Roman Republic, Gaius Norbanus, 83 B.C.

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In 83 B.C., Sulla returned from Greece and defeated the popular forces led by the consul Norbanus (probably the father of this moneyer). The reverse type alludes to the elder Norbanus' activity during the Social War, when he raised troops, organized a fleet, and provisioned the town of Rhegium.

Fasces, from the Latin fascis meaning "bundle," is a bound bundle of wooden rods, sometimes including an axe with its blade emerging. The fasces originated with the Etruscans and was passed on to ancient Rome, where it symbolized a magistrate's power and jurisdiction. The image has survived in the modern world as a representation of magisterial or collective power, law and governance. The fasces frequently occurs as a charge in heraldry. It was the origin of the name of the Mussolini's National Fascist Party in Italy (from which the term fascism is derived). It is on the reverse of the U.S. Mercury dime and behind the podium in the United States House of Representatives.
RR88001. Silver denarius, RSC I Norbana 2, Sydenham 739, Crawford 357/1b, BMCRR I Rome 2810, SRCV I 278, aF, light toning, scratches, banker's mark, weight 3.458 g, maximum diameter 18.9 mm, die axis 180o, Rome mint, 83 B.C.; obverse diademed head of Venus right, wearing single drop earring and pearl necklace, Roman numeral control number behind, CNORBANVS below; reverse fasces between grain ear on left and caduceus on right; $110.00 (93.50)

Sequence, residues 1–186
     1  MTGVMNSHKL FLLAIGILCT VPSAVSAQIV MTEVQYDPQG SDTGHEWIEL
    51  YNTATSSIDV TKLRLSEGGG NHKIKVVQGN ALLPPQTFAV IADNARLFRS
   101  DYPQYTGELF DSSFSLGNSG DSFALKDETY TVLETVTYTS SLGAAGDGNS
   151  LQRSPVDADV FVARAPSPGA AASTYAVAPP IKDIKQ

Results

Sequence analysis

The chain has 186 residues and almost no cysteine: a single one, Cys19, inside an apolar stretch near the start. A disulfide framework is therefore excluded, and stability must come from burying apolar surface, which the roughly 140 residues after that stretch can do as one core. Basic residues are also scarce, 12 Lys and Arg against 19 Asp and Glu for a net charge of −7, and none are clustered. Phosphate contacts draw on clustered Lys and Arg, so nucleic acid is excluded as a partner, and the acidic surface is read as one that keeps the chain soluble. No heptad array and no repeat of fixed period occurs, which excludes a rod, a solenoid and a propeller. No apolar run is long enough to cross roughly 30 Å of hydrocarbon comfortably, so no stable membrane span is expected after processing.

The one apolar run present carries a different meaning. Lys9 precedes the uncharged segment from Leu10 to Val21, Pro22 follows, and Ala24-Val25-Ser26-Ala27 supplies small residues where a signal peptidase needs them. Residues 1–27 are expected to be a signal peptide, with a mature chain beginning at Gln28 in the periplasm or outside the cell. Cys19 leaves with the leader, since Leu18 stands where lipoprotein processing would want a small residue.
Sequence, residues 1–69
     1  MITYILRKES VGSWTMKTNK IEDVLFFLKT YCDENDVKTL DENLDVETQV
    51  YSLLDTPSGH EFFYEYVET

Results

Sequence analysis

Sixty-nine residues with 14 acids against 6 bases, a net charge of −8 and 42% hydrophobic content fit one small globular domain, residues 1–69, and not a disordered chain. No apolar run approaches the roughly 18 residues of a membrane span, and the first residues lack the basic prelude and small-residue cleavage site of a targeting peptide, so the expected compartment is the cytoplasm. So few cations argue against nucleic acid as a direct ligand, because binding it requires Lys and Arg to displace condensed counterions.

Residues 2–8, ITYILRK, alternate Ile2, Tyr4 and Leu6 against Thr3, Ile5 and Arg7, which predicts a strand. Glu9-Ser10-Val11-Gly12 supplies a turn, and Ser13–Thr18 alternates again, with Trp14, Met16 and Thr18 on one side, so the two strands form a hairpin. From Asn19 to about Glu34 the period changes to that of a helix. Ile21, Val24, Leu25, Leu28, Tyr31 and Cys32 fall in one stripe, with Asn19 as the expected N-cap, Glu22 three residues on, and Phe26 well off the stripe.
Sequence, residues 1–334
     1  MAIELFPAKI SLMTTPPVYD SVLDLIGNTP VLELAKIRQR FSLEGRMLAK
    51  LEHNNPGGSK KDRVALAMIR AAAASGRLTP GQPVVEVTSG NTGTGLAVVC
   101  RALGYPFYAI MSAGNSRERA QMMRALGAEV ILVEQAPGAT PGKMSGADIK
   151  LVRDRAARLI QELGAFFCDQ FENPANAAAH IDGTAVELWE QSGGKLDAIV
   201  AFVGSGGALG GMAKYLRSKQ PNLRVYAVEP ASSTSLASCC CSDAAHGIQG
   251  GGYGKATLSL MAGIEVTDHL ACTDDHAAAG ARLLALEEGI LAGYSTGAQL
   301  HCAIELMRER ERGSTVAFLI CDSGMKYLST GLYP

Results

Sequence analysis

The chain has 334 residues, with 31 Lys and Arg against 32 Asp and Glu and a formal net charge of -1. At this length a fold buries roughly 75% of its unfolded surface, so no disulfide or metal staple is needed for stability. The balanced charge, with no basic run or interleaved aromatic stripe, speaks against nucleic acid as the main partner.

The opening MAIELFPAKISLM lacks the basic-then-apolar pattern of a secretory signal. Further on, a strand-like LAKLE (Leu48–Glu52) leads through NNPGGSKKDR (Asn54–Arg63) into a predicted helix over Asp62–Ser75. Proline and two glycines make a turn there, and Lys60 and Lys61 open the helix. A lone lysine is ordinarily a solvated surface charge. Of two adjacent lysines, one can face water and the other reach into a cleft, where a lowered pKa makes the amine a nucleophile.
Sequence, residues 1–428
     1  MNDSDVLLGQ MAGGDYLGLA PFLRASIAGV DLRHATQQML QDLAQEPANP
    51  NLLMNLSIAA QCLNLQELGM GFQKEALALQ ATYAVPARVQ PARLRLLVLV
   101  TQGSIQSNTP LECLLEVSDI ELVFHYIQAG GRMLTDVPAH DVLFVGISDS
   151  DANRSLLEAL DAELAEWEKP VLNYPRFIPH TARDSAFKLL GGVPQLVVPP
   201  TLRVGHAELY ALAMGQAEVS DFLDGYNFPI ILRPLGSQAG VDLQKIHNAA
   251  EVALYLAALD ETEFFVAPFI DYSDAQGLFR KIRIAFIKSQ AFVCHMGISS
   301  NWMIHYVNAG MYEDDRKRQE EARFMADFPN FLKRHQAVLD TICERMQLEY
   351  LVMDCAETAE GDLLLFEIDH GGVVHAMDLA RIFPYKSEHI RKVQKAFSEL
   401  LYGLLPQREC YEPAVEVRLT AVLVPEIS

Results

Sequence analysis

Uranopolis, Macedonia, c. 300 B.C.

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The globe on this coin type of Uranoplis is the earliest known depiction of the earth in its actual shape. The exact location of Uranopolis is unknown, though perhaps the city was located on the peninsula of Athos. -- Wikipedia
GB88226. Bronze AE 16, SNG Cop 455; SNG ANS 914; SNG Evelpidis 1363; BMC Macedonia p. 134, 2; AMNG III 3, aVF, green patina, porous, weight 3.456 g, maximum diameter 16.1 mm, die axis 0o, Macedonia, Uranopolis mint, c. 300 B.C.; obverse star of eight rays representing the sun; reverse Aphrodite Urania seated facing on globe, wearing chiton and peplos, star on head, long scepter vertical in right hand, OYPANI∆ΩN downward on right, ΠOΛEΩΣ downward on left; $110.00 (93.50)


Roman Republic, L. & C. Memmius L.f. Galeria, 87 B.C.

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This issue was struck by two brothers, Lucius and Gaius, sons of Lucius Memmius Galeria, moneyer in 106 B.C., whose type they imitate. EX SC indicates this type was struck by special decree of the Senate. See Roman Names in NumisWiki to learn how to read the abbreviations in moneyer names.